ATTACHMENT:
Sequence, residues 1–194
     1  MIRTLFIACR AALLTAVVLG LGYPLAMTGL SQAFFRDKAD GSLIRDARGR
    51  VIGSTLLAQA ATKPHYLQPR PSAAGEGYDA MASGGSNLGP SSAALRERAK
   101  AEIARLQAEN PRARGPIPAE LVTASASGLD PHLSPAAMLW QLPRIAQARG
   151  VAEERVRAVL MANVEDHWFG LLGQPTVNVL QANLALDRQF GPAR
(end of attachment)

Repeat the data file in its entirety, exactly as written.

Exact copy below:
Sequence, residues 1–194
     1  MIRTLFIACR AALLTAVVLG LGYPLAMTGL SQAFFRDKAD GSLIRDARGR
    51  VIGSTLLAQA ATKPHYLQPR PSAAGEGYDA MASGGSNLGP SSAALRERAK
   101  AEIARLQAEN PRARGPIPAE LVTASASGLD PHLSPAAMLW QLPRIAQARG
   151  VAEERVRAVL MANVEDHWFG LLGQPTVNVL QANLALDRQF GPAR